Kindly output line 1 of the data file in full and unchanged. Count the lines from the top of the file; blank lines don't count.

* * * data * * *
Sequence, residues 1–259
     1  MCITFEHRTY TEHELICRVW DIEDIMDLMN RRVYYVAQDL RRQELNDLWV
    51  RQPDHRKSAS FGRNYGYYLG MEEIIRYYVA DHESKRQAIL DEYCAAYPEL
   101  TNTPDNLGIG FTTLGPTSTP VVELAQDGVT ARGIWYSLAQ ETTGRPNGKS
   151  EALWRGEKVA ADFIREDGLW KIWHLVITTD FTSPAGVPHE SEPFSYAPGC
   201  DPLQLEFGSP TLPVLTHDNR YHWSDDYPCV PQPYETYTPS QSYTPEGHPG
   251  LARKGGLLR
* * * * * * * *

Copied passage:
Sequence, residues 1–259